The primary reasons driving the observed collapse were (i) a strong confidence crisis, reinforced by the ongoing Russo-Ukrainian conflict in eastern Ukraine, lack of external financing and weak financial sector, and (ii) a critically low level of international reserves, precluding the National Bank of Ukraine (NBU) from any meaningful, credible intervention to stabilize the foreign exchange market.
The announcement of a staff-level agreement with the IMF on a new $17.5 billion Extended Fund Facility (EFF) program, coupled with IMF Managing Director’s statement that the total package of external support to Ukraine would total $40 billion over the next four years, failed to strengthen market confidence. The potentially calming effect of the program was overpowered by the panic associated with cease-fire negotiations and military escalation in Debaltseve.
What can be done to alleviate pressure on hryvnia?
The official exchange rate is determined as weighted average in the interbank foreign exchange market where demand meets supply. Obviously, any solution to the problem should aim at containing demand and increasing supply of foreign exchange. For the supply side, little can be done in the short run. The key date here is March 5th, when the IMF Executive Board will likely decide the fate of the new program. Since the program is frontloaded, the first tranche will be available immediately and will amount to $5 billion, helping shore up reserves and allowing the NBU to credibly intervene at the time of stress.
On the demand side, because squeezing hryvnia liquidity for several weeks might prove to be too costly, the NBU can therefore (i) re-introduce a range of temporary administrative measures and (ii) greatly expand its communication of all aspects of the EFF program once it’s approved and available to public.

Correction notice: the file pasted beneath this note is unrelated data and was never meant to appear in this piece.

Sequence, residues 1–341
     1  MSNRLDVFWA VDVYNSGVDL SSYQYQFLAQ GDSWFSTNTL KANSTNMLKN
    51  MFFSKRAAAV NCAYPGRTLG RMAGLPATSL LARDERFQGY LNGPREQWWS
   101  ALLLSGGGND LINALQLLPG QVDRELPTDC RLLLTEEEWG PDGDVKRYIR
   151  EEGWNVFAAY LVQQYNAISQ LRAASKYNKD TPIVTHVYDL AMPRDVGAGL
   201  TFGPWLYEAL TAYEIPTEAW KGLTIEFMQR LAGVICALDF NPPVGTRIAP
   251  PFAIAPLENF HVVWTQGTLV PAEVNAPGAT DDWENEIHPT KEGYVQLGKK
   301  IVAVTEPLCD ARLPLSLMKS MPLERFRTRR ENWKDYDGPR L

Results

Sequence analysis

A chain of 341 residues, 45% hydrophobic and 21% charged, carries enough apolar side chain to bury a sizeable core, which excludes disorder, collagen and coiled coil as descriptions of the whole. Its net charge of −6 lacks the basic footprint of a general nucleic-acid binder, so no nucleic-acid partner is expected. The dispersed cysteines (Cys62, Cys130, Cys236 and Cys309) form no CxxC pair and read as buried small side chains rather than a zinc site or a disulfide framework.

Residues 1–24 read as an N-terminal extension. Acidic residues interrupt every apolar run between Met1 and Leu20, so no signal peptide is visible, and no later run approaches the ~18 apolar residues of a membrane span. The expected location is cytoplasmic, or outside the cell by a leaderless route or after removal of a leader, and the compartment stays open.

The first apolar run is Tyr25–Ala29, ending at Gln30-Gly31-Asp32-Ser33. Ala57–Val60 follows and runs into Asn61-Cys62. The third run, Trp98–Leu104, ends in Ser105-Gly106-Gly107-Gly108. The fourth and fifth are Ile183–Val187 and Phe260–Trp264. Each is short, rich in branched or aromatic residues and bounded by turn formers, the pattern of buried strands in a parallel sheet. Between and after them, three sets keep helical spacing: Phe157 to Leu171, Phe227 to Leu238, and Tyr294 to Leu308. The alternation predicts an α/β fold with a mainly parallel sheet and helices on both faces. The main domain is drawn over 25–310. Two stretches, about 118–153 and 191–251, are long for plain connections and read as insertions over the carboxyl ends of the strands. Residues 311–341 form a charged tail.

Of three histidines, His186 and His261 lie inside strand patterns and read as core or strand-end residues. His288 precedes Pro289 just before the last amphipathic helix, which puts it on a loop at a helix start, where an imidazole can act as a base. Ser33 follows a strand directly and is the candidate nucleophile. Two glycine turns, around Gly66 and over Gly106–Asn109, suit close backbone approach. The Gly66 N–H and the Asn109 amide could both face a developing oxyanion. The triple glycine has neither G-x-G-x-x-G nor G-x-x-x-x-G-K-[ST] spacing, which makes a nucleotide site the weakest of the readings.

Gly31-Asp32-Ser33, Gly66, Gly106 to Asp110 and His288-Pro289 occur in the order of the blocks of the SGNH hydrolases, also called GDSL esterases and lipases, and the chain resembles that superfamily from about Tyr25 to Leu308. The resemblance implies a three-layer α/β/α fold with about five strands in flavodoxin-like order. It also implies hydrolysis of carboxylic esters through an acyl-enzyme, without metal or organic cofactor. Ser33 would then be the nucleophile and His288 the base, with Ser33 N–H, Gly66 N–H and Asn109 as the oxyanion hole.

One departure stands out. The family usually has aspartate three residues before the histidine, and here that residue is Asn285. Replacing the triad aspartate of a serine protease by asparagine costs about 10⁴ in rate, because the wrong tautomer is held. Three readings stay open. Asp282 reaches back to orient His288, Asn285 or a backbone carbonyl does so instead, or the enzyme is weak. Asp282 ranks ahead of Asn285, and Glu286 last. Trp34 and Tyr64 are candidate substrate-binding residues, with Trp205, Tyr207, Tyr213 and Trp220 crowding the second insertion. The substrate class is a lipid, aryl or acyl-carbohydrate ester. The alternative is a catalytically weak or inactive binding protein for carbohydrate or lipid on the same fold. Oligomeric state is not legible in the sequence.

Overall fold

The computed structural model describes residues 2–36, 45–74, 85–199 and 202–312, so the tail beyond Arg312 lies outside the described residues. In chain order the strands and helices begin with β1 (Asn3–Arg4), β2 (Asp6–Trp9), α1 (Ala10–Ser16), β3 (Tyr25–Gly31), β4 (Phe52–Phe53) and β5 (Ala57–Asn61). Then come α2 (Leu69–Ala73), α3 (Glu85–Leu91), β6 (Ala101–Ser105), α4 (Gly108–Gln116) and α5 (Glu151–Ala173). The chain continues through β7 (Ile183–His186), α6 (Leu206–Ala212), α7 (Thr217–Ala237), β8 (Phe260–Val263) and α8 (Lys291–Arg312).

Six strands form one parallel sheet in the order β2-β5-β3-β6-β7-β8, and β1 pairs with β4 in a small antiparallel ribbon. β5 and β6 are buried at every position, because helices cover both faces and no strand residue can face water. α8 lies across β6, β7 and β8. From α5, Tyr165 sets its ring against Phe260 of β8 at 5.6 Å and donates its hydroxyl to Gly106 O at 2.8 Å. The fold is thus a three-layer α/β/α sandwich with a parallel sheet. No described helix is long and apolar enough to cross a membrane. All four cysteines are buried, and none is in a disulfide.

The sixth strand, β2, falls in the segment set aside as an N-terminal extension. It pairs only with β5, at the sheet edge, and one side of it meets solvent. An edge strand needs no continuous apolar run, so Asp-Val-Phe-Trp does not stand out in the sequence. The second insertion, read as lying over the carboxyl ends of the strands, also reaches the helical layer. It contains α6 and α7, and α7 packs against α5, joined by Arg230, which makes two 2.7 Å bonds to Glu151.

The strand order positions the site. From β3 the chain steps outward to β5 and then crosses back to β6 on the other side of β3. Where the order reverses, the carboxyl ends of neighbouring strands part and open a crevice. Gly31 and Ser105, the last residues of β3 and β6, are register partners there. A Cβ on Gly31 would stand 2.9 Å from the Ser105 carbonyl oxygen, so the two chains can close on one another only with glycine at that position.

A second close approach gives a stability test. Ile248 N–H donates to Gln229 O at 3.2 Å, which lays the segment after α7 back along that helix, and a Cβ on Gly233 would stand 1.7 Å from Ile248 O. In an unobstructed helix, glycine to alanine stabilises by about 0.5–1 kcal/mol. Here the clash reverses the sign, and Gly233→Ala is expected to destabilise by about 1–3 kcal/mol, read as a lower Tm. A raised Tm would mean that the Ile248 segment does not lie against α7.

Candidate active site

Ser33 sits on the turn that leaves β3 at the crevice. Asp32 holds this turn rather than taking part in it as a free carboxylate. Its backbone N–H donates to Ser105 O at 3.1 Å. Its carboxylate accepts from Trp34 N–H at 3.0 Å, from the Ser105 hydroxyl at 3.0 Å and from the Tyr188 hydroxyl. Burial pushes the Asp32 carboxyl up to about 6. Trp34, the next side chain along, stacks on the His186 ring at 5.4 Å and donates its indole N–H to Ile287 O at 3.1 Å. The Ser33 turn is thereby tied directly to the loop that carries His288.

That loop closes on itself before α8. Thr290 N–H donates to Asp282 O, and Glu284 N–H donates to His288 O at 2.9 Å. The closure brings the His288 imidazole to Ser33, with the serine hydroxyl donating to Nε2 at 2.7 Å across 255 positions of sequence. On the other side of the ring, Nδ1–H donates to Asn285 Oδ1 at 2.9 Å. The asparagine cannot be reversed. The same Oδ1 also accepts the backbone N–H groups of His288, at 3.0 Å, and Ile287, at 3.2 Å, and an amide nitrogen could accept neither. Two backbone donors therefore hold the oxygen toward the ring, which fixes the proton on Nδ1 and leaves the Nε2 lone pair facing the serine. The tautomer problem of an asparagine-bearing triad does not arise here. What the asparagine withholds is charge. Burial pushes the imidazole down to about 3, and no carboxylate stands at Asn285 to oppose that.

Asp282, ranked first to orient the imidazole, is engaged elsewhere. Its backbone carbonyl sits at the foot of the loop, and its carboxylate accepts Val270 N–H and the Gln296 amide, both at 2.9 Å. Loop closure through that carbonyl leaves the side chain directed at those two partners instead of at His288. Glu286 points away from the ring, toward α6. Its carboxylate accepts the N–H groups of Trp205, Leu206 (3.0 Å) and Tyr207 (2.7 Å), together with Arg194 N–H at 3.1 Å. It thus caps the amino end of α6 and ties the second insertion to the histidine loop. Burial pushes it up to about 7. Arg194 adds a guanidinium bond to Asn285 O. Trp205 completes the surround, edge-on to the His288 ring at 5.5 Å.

The temporary administrative measures might include prohibition of advance import payments, uniform verification and approval of all import contracts, above some low threshold, by the tax authorities and the NBU staff with, e.g., a one-week delay, introduction of a “critical imports” list and the power to reject claims for foreign exchange outside the list. On the capital account side, the measures may include the freeze of any new lending in foreign currency to residents and non-residents, temporary moratorium on a range of payments to non-residents related to transfers of principal and interest due, payments of fees and commissions, transfers of dividnds to foreign partners in domestic joint ventures, temporary restrictions on direct investment abroad for already approved individual licenses, etc. The NBU can also invoke the elements of a special regime of the foreign-exchange control and operations envisaged in its Resolution № 60 (February 18, 2004). Once the $5 billion tranche arrives and the market stabilizes, the NBU could start gradually phasing out these measures.
At the same time, the government of Ukraine should focus on delivering on the EFF program prior actions, which includes passing through the Verkhovna Rada–Ukraine’s parliament–a 2015 supplementary budget law and the associated package of tax and expenditure legislation.
Some of these steps are already happening. The Rada is supposed to vote on modifications to the budget law on March 3rd. The NBU introduced some capital controls. While there could be loopholes in the controls, the speculative demand for currency is likely to diminish in the short run. One aspect of the NBU policies that appears to lag behind is communication. Many economic agents are confused by the wild gyrations of the hryvnia. The public needs more information. Explaining what to expect next can prove critical in restoring confidence.
 The NBU held $6.4 billion in reserves at the end of January 2015, equivalent to 1.3 months of 2015 imports or 15 percent of short-term debt at remaining maturity.
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